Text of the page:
Playing with Death by Simon Scarrow and Lee Francis | Blog Tour Guest Post | Paperback Publication #PlayingwithDeath

 

Published by Headline (26 July 2018)

Available in ebook and paperback

464 pages



 

|   About the Book   |

 

A UNEXPLAINED DEATH

The discovery of a horribly mutilated corpse launches FBI Agent Rose Blake into a puzzling investigation. The victim was alone at home with no signs of forced entry. Who – or what – burnt him to death?

THE GAME BEGINS

Strips of rubber melted to the body emerge as evidence that the victim was wearing The Skin, an innovation that takes users deep into a virtual world.

ESCAPE OR DIE…

When a body with identical wounds is discovered, Rose realises that in the darkest corners of the Dark Web, a brutal killer is playing a deadly game. A game with no rules – and no mercy. To stop it, Rose must play too…

 

GUEST POST by Simon Scarrow

 

One of the first things I am often asked about PLAYING WITH DEATH is why am I writing something so very different to my usual historical fiction? There are a few things I need to mention in answering this.

Firstly, the idea for PWD came to me some years before I started writing my first historical fiction. Originally the story was set in Britain and was written as a script for BBC radio. Nothing came of it at the time and the outline went into the ideas folder in my filing cabinet. Many years later, during one of the regular meetings with Lee and my writer brother Alex, I pulled the outline out and we talked it over and very quickly we all decided that the story was more relevant than ever, given the pace at which VR was developing. Alex was too busy to take on the project at the time so Lee and I developed it for a four season TV series. Very quickly a TV producer was on board but the industry is hard to break into and two years later we were no further down the road. So I suggested to Lee that we write the first episode up as a novel and get that published and then try and sell the screen rights off the back of that. My only concern was that my publisher might not be keen on me switching genres so I had my agent send the sample chapters in under an assumed name to a different editor. The feedback we got was that the editor had never read anything so frightening, so we knew we were on the right track and a two book deal followed swiftly.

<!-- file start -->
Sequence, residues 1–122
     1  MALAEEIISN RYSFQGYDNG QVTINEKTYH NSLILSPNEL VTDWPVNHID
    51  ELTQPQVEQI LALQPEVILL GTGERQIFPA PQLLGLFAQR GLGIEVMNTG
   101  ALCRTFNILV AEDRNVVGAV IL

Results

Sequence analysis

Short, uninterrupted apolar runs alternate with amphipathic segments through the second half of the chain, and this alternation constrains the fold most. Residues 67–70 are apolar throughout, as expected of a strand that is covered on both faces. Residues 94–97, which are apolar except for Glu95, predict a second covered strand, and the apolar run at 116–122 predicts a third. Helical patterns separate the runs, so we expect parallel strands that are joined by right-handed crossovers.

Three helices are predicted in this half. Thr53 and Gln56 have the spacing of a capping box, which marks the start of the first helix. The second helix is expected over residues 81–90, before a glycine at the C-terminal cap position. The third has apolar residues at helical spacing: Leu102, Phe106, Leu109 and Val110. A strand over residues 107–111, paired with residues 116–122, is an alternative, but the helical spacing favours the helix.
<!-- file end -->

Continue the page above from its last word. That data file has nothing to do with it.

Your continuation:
Secondly, I think it is vital that authors try to extend their range as much as possible, partly because it is good for their writing, but also because the market they are writing in might well cease to be so lucrative in the future. Being prolific is the author’s only defence against financial hardship. Of course, it’s possible that PWD will be a mega-hit, and Lee and I will never have to worry about any lupine pest hovering at the door ever again.

Thirdly, I have grown increasingly concerned by the implications of computer technologies with respect to a whole range of social issues. Social media is a wonderful thing that is great for connecting people across the globe. The flip side of that is that it has never been easier to bully people or be rude to them, without any consequences. We just have to look at the savage exchanges that take place on social media over Brexit and Donald Trump to see just how much social media fuels political division. Then there is the matter of Fake News and the way in which the proliferation of opinion has eroded the authority of knowledge and now, more than ever, we live in an age where someone will argue that their mere opinion is of equal weight to a lifetime of research and technical expertise. And politicians play on this. So we end up in a world where verified truth is ‘Trumped’ by the velocity of distribution of social media narratives.

PWD tackles these issues, as will the subsequent books in the series, and that is the USP of these novels. VR has been tackled before, as has AI, but not nearly so appositely as in PWD. Lee and I hope the book is widely read and helps to encourage debate about the possible consequences of these two technologies, before it is too late…

 

 

|   Author Bio   |

 

Simon Scarrow

Simon Scarrow is a Sunday Times No. 1 bestselling author. After a childhood spent travelling the world, he pursued his great love of history as a teacher, before becoming a full-time writer. His Roman soldier heroes Cato and Macro made their debut in 2000 in UNDER THE EAGLE, and have subsequently appeared in many bestsellers in the Eagles of the Empire series, including CENTURION, INVICTUS and DAY OF THE CAESARS.

Simon Scarrow is also the author of a quartet of novels about the lives of the Duke of Wellington and Napoleon Bonaparte, YOUNG BLOODS, THE GENERALS, FIRE AND SWORD and THE FIELDS OF DEATH; a novel about the 1565 Siege of Malta, SWORD & SCIMITAR; HEARTS OF STONE, set in Greece during the Second World War; and PLAYING WITH DEATH, a contemporary thriller written with Lee Francis. He also wrote the novels ARENA and INVADER with T. J. Andrews.

For exciting news, extracts and exclusive content from Simon visit www.simonscarrow.co.uk, follow him on Twitter @SimonScarrow or like his author page on Facebook/OfficialSimonScarrow

 

Lee Francis

Lee Francis worked for several years in the world of film, TV and advertising as a script reader and assistant director on major productions such as Harry Potter, The Woman In Black and Spooks. He has a BA First Class in Film Studies. He enjoys travelling, running, gaming and listening to cheesy techno. He has travelled the USA, New Zealand, China and Europe.

PLAYING WITH DEATH, written with his former lecturer Simon Scarrow is his first novel. It is published in the UK by Headline and foreign sales around the world have already begun.

For exciting news, extracts and exclusive content from Lee visit www.leefrancisauthor.com, follow him on Twitter @leefrancis or like his author page on Facebook/leefrancisauthor

 

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